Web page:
Wednesday, October 13, 2010

The Peerless Prognosticator is ON THE AIR!!! -- Caps vs. Islanders, October 13th

The Peerless Prognosticator is ON THE AIR!!!

Tonight the Caps look to add to their modest two-game winning streak as they host the New York Islanders at Verizon Center. If you haven’t been following, the Islanders, picked by few (their wives, kids, Charles Wang) to make the playoffs, have yet to lose a game in regulation. Yes, it’s only two games (1-0-1), but for a club that finished 13th in the Eastern Conference and went undefeated in their first two games only once in the last seven years, this is an achievement. But this is a team that will be fishing for wins all season, too…

“You have a problem with fish?”

Uh, no.

“You’re not going to make any jokes about the Gorton’s Fisherman uniforms they had, are you?”

It hadn’t crossed my mind. What’s your name, if I might ask?


I see, and you’re a hockey fan?

“Good heavens, no.”

Then what are you doing in Washington? This isn’t exactly the Flemish Cap.

“It’s that infernal Mrs. Paul. She’s always trying to get me to come to her place to try her ‘fish sticks.’”

And you’re not interested in her “fish sticks?”

“No, she has too much ‘batter’ on them, if you understand my meaning.”

Uh no, I don’t, and frankly I don’t want to.

With John Tavares out of the lineup for the Islanders tonight, it makes three of the Islanders’ big guns out of the lineup (Kyle Okposo and Mark Streit being the others already on the shelf). That is 54 of the 214 goals the Islanders scored last season out of the lineup. You take 25.2 percent of any team’s scoring out of the lineup, it will make a difference. Do it to a team that finished tied for 21st in scoring anyway, and you wonder just where the offense will come from. Their numbers from last year do not look very encouraging…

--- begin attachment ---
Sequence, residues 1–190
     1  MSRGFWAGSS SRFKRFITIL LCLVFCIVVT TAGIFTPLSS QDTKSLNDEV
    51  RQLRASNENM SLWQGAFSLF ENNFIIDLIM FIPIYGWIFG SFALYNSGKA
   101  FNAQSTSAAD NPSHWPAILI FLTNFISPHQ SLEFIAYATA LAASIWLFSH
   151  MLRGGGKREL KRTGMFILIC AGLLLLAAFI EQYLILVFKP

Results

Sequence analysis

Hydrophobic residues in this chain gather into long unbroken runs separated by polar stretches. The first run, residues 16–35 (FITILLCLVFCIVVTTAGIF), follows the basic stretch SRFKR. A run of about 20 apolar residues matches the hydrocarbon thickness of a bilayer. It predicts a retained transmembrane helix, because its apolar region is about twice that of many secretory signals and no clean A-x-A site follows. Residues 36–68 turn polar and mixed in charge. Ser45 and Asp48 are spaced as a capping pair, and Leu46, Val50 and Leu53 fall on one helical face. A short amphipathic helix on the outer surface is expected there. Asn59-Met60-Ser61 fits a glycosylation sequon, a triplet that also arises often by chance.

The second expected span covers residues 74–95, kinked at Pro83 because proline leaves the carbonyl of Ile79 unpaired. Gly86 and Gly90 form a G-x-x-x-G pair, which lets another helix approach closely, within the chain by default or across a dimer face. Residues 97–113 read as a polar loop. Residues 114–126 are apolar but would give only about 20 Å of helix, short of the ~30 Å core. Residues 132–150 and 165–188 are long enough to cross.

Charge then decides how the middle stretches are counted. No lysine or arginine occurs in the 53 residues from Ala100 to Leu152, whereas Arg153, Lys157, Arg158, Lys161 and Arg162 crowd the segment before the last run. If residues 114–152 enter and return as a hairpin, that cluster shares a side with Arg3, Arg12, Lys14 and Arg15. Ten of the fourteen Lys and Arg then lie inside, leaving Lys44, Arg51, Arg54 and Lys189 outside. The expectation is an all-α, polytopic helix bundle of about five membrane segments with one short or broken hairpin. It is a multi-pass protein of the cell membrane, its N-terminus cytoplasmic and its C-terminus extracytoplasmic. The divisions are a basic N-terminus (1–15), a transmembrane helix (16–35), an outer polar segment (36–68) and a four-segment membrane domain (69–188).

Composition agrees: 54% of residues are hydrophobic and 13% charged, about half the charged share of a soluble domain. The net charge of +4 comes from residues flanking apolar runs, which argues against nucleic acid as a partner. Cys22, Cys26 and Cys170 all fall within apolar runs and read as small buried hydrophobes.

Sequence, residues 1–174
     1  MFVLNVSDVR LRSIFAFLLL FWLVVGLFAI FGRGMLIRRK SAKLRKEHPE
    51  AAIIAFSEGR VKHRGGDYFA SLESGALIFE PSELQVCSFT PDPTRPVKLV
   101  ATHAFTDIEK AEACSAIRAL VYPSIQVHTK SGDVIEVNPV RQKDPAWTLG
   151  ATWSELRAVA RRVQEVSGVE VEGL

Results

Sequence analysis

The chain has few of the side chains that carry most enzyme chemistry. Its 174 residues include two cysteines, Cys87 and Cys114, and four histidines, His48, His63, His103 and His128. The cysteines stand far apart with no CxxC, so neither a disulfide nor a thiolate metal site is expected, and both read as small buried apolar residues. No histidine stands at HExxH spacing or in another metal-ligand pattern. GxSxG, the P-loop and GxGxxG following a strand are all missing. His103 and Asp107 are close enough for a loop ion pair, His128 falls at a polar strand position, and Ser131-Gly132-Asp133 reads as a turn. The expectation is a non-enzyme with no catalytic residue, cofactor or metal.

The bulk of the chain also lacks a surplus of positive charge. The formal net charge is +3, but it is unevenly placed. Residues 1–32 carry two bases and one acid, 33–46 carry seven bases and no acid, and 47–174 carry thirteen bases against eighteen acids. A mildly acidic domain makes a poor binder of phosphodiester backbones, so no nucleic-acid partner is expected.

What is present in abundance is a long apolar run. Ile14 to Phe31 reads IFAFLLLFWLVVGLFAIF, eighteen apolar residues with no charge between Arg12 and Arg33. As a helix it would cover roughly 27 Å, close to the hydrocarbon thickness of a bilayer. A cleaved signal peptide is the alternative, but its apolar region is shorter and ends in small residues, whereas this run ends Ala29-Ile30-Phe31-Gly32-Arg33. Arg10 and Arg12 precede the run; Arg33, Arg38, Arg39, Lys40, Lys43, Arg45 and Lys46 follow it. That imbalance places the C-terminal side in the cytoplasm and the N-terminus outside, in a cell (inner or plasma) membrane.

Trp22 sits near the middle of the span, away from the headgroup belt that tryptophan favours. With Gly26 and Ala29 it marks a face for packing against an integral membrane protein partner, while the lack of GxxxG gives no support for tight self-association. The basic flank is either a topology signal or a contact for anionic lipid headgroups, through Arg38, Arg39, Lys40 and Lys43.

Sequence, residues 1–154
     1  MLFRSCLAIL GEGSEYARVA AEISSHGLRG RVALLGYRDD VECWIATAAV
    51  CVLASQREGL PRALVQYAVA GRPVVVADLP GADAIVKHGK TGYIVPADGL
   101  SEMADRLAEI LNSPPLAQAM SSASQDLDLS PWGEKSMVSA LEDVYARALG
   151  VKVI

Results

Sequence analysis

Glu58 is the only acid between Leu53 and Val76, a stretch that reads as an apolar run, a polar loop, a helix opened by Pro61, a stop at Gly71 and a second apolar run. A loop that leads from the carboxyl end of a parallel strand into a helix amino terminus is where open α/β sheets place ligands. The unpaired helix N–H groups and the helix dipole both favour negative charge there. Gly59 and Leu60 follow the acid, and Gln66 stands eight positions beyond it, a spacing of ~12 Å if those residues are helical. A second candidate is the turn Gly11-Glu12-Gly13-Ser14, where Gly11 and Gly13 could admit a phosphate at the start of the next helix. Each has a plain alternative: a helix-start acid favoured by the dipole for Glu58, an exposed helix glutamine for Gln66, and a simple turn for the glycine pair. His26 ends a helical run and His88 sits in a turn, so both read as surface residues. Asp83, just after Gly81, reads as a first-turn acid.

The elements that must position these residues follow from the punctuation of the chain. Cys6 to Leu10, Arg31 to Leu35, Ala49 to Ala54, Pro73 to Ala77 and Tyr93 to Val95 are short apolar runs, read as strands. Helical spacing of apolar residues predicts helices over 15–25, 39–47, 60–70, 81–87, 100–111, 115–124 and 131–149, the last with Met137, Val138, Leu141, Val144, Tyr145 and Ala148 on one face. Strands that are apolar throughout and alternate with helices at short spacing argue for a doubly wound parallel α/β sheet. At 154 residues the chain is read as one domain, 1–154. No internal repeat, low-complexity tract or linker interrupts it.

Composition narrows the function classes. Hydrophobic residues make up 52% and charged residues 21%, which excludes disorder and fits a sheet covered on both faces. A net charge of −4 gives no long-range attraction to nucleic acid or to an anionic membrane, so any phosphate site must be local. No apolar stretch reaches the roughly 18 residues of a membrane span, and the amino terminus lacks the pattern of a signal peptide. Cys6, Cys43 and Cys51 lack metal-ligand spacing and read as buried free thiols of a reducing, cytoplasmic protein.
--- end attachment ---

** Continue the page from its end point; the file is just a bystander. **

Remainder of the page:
Well, if the Islanders are looking for offense they could start with Matt Moulson, who led the Islanders in goal scoring last year with 30. It was a coming-out party for the former ninth-round draft pick (Pittsburgh, 2003). Until last season’s blossoming, Moulson played only 29 NHL games (spread over two seasons with Los Angeles) and recorded a total of six goals. In four games against the Caps last year (the only times he has faced them) Moulson recorded a goal and was “even” in almost 17 minutes of ice time a game.

Blake Comeau might be asked to step up in a big way to help fill the void, and you could say he has done just that in the first two games for New York. After notching a goal in the Islanders’ opener against Dallas, he potted two (including the game-winner) against the Rangers on Columbus Day. What is more, he contributed more than 20 minutes of ice time in each game. That he would produce is not necessarily a surprise. Last season he recorded 17 goals in only 61 games at right wing, but it was quite a jump from his previous two seasons in which he scored a total of 15 goals. In two games against the Caps last season he had an assist and was a minus-3 in two games. That happens to be the only point he has in nine career games against Washington.

Josh Bailey is tied for the team lead in scoring (four points, with Comeau) and at 21 still has considerable upside to be tapped. He was 16-19-35, plus-5 in 73 games last year (led the team in plus/minus) and was the only Islander to record both a power play and a shorthanded goal last season. Against the Caps last season he had an assist in four games and was a minus-2 (that would be the only point he has in eight career games against the Caps).